Did you know that NHTSA is not the only government agency that oversees CRs? That’s because RF-only CRs with handles are also considered carriers. To enhance the safety of carriers, a new Consumer Products Safety Commission (CPSC) standard goes into effect on June 6, 2014. It applies to RF-only CRs as well as any other rigid- or semi-rigid-sided, hand-held carrier (i.e.: portable cradles and Moses baskets). Watch for this new label to appear soon on the padding around the head area of all RF CRs. It can be used to introduce caregivers to the topic of appropriate use of CRs, both in and out of the vehicle.
The mandatory standard is in response to the Danny Keysar Child Product Safety Notification Act of 2008, which required the CPSC to establish a standard that would be equal to or more stringent than a voluntary carrier standard, ASTM F2050-13a, that was first established in 2000 (with many subsequent updates). The Act was named after Danny Keysar, a 16-month-old from Illinois who, like at least 16 other children, died by strangulation in a portable crib. The standard focuses on handle integrity and internal restraints of carriers in order to mitigate the risk that infants will fall or get into a position in which they can be strangled or suffocated.
The new rule establishes “Safety Standard for Hand-Held Infant Carriers” (www.regulations.gov, search Docket No. CPSC-2012-0068). Other than expanding the scope to include semi-rigid carriers, the standard replicates all elements of the previously voluntary standard. Therefore, makers of rigid-sided carriers like CRs have been aware of (and in most ways adhering to) the following requirements for many years:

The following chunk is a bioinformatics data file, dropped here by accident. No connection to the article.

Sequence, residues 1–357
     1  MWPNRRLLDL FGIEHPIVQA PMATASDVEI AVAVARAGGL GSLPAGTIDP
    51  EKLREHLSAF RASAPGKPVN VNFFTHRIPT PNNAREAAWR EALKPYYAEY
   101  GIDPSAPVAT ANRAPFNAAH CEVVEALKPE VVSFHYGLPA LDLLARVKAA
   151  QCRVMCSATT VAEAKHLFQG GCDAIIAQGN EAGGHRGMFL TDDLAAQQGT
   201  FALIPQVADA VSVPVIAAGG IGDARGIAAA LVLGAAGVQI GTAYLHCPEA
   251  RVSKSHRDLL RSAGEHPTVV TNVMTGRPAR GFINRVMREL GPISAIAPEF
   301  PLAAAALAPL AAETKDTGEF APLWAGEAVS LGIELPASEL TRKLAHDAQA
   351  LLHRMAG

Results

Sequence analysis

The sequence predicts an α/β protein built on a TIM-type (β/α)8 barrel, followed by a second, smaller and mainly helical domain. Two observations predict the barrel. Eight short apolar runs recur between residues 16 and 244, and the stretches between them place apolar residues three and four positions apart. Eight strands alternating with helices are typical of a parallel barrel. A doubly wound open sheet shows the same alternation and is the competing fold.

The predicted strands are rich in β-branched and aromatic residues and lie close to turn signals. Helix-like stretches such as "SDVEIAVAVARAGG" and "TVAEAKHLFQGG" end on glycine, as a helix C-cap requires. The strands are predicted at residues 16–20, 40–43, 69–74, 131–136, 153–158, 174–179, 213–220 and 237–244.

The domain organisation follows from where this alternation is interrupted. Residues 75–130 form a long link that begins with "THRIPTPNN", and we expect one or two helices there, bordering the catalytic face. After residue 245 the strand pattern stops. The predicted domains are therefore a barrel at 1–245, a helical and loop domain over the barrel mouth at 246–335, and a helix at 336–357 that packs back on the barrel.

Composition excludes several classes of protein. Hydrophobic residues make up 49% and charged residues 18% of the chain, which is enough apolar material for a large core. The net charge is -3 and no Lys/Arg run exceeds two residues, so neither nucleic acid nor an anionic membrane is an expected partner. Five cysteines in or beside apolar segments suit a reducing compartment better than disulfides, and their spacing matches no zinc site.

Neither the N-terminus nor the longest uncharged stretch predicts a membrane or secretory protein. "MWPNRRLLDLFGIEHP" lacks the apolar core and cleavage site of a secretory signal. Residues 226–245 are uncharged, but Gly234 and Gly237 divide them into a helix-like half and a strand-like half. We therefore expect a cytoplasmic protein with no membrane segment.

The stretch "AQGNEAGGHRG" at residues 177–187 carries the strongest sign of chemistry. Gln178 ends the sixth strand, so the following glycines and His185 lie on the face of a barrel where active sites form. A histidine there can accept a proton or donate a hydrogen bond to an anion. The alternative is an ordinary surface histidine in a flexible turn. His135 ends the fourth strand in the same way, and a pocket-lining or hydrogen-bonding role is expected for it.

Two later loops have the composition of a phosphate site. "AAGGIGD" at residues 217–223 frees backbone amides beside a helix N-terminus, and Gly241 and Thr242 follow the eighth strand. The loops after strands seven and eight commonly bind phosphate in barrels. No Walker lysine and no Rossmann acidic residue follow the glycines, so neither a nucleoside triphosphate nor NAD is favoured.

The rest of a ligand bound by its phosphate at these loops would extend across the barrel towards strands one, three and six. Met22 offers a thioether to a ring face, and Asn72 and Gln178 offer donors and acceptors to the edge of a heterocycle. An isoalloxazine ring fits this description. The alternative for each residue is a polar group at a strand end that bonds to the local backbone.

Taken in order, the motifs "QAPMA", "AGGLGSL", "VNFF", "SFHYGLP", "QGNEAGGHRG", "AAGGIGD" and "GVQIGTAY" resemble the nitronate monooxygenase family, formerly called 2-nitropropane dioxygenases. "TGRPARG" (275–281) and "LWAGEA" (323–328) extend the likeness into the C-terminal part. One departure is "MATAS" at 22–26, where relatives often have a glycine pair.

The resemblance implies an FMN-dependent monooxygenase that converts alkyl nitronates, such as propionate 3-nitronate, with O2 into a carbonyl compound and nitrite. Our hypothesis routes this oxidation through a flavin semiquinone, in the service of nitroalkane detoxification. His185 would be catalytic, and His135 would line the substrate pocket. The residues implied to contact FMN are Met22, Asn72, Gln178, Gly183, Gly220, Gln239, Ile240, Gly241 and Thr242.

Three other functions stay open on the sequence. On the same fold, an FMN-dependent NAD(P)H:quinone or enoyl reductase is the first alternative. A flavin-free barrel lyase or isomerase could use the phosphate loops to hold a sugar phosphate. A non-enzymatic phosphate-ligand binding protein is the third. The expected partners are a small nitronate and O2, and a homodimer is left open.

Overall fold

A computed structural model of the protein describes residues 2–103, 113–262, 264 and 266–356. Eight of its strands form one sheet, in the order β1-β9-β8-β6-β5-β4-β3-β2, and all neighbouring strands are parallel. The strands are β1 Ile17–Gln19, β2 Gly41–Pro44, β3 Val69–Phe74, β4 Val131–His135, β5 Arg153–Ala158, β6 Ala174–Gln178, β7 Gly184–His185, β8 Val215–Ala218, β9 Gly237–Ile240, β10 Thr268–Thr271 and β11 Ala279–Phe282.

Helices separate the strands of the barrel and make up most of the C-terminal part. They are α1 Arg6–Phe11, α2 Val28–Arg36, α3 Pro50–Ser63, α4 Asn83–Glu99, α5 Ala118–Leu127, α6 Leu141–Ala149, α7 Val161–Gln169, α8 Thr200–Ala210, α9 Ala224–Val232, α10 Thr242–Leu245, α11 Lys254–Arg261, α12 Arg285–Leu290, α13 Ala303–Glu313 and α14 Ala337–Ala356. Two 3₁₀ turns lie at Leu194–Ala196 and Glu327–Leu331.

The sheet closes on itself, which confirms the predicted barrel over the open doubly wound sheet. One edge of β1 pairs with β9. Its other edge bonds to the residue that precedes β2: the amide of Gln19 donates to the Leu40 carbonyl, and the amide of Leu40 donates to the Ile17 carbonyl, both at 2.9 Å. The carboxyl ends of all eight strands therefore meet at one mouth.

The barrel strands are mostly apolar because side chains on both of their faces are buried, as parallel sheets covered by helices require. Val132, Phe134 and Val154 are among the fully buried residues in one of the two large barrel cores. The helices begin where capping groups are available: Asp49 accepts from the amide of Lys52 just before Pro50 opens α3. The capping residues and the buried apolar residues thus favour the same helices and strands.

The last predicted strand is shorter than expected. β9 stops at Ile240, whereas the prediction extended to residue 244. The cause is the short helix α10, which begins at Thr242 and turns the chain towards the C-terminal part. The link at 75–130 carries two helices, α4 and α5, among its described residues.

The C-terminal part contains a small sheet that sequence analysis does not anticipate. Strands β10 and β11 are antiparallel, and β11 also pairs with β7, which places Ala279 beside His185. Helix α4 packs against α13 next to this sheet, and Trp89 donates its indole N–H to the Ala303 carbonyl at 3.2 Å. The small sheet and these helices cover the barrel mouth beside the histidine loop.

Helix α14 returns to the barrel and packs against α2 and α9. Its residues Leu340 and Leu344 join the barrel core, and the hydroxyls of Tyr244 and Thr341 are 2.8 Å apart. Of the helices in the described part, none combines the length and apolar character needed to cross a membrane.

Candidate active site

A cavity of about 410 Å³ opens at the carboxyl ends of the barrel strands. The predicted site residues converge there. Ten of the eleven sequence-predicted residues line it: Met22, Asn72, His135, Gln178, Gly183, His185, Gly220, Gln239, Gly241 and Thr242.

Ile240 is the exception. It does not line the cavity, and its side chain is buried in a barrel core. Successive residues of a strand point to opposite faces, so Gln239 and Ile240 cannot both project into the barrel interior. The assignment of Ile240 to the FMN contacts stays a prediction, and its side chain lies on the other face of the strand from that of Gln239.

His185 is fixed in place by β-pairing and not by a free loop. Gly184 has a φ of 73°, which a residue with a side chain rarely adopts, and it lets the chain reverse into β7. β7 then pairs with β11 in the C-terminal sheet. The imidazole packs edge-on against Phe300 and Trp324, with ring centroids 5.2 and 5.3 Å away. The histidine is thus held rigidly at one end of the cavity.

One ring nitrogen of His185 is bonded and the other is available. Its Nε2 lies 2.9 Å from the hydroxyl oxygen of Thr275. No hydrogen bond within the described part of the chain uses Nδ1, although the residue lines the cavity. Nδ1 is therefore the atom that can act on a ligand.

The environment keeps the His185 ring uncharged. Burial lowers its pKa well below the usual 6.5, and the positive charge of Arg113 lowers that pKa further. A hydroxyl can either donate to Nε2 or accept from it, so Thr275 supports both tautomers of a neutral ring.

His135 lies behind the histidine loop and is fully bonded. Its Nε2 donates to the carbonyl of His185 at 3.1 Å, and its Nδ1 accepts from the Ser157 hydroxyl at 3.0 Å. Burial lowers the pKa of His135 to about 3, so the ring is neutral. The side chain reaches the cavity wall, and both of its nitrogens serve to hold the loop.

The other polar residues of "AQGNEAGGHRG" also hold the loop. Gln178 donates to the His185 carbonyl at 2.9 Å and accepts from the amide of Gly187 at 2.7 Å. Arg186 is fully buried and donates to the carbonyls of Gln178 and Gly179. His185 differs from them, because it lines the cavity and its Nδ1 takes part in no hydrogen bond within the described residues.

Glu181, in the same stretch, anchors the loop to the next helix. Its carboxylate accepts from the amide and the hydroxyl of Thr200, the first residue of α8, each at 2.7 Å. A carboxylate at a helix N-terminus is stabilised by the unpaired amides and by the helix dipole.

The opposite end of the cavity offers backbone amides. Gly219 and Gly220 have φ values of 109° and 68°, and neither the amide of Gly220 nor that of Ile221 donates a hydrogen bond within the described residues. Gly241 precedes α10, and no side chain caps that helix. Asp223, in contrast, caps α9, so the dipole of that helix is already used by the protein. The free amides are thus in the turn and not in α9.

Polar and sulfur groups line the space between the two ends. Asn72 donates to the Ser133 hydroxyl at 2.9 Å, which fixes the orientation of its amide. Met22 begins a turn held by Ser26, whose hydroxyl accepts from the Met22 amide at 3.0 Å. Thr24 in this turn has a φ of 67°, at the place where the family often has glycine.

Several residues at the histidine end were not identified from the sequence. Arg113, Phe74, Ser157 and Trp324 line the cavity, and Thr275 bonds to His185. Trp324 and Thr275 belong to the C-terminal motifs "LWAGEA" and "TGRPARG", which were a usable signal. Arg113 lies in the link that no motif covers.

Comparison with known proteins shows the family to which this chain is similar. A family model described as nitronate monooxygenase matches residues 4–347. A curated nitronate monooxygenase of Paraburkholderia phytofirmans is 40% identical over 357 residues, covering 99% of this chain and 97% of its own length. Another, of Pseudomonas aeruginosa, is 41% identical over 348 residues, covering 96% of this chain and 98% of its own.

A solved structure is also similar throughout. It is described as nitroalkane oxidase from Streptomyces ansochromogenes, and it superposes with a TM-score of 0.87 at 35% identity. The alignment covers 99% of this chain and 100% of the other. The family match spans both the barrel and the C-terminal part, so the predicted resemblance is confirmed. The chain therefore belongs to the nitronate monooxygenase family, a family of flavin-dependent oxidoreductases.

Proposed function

Carry handle integrity: The handle must pass a series of endurance and durability tests to ensure it will not break or unlock during use.
Carry handle auto-locking: The handle design must prevent it from switching positions unexpectedly.
Restraint: The carrier must have a restraint, such as a harness, that will minimize the hazard of falls and the incidence of suffocation or strangulation when properly used.
Slip resistance: The carrier must not slip when placed on a slightly inclined surface (10 degrees).
Marking and labeling: The carrier must have hazard warnings. For CRs, this involves a pictogram on the padding, near the head area (see example above).
Although manufacturers indicate that today’s RF CRs already meet or exceed most of the standard’s requirements, the notable exception is the requirement to display a strangulation-warning label. Expect to see this new label sharing the padding area near the existing air-bag-warning label on RF-only CRs soon.
In the rule, NHTSA states that data show that the majority of infant fatalities in hand-held carriers were tied to improper or nonuse of a carrier’s internal restraint system (harness), so it will be important for caregivers to note and heed this new label. The label can also be used by CPSTs as a visual cue to engage in educational discussions with caregivers on this topic.
©Safe Ride News March/April 2014